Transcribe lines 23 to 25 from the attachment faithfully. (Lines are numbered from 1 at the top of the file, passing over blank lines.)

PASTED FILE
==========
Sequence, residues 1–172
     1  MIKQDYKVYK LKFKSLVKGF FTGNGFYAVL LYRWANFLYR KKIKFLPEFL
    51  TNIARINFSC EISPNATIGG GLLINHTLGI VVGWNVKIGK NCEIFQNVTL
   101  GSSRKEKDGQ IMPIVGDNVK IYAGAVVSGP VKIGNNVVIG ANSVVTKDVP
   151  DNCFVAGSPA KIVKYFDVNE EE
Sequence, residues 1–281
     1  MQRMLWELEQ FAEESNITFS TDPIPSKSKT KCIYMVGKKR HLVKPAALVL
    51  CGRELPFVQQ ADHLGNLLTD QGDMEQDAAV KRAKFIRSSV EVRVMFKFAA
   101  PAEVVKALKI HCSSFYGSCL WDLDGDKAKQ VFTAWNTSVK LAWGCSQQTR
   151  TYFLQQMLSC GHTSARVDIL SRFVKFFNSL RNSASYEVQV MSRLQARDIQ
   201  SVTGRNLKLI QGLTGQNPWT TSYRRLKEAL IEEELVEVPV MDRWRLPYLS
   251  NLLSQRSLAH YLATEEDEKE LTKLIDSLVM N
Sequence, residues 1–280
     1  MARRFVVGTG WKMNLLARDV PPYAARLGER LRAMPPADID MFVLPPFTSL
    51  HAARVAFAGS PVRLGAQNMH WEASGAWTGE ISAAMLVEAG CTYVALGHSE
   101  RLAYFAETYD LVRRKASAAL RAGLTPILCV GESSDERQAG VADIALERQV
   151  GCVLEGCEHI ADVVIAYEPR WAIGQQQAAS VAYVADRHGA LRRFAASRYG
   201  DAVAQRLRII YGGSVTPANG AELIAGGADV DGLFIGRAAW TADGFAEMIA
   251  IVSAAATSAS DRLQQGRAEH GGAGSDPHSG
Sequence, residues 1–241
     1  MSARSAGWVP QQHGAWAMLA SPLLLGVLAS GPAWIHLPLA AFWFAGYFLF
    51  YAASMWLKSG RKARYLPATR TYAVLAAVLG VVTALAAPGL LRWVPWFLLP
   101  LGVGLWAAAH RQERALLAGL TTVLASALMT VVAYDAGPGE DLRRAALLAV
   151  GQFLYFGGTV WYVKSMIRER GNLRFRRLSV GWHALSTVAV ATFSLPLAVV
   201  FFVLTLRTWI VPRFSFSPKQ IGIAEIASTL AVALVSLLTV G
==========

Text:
   101  LGVGLWAAAH RQERALLAGL TTVLASALMT VVAYDAGPGE DLRRAALLAV
   151  GQFLYFGGTV WYVKSMIRER GNLRFRRLSV GWHALSTVAV ATFSLPLAVV
   201  FFVLTLRTWI VPRFSFSPKQ IGIAEIASTL AVALVSLLTV G